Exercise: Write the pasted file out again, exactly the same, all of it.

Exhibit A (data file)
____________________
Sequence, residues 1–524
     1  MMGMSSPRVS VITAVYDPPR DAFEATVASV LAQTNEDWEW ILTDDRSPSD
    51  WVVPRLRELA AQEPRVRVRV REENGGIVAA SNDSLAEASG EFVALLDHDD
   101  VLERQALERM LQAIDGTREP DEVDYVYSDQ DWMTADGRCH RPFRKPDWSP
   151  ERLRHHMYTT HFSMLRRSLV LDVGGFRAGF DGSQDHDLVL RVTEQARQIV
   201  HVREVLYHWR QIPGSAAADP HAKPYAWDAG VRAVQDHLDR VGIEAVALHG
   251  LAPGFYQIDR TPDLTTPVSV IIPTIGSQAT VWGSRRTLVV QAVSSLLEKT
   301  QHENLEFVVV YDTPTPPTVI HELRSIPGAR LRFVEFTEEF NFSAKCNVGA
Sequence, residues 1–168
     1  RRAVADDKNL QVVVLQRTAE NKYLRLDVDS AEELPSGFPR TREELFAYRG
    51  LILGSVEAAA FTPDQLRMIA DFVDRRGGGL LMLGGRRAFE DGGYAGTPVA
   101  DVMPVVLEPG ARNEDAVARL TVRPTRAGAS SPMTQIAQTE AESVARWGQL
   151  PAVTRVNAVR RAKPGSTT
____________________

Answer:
Sequence, residues 1–524
     1  MMGMSSPRVS VITAVYDPPR DAFEATVASV LAQTNEDWEW ILTDDRSPSD
    51  WVVPRLRELA AQEPRVRVRV REENGGIVAA SNDSLAEASG EFVALLDHDD
   101  VLERQALERM LQAIDGTREP DEVDYVYSDQ DWMTADGRCH RPFRKPDWSP
   151  ERLRHHMYTT HFSMLRRSLV LDVGGFRAGF DGSQDHDLVL RVTEQARQIV
   201  HVREVLYHWR QIPGSAAADP HAKPYAWDAG VRAVQDHLDR VGIEAVALHG
   251  LAPGFYQIDR TPDLTTPVSV IIPTIGSQAT VWGSRRTLVV QAVSSLLEKT
   301  QHENLEFVVV YDTPTPPTVI HELRSIPGAR LRFVEFTEEF NFSAKCNVGA
Sequence, residues 1–168
     1  RRAVADDKNL QVVVLQRTAE NKYLRLDVDS AEELPSGFPR TREELFAYRG
    51  LILGSVEAAA FTPDQLRMIA DFVDRRGGGL LMLGGRRAFE DGGYAGTPVA
   101  DVMPVVLEPG ARNEDAVARL TVRPTRAGAS SPMTQIAQTE AESVARWGQL
   151  PAVTRVNAVR RAKPGSTT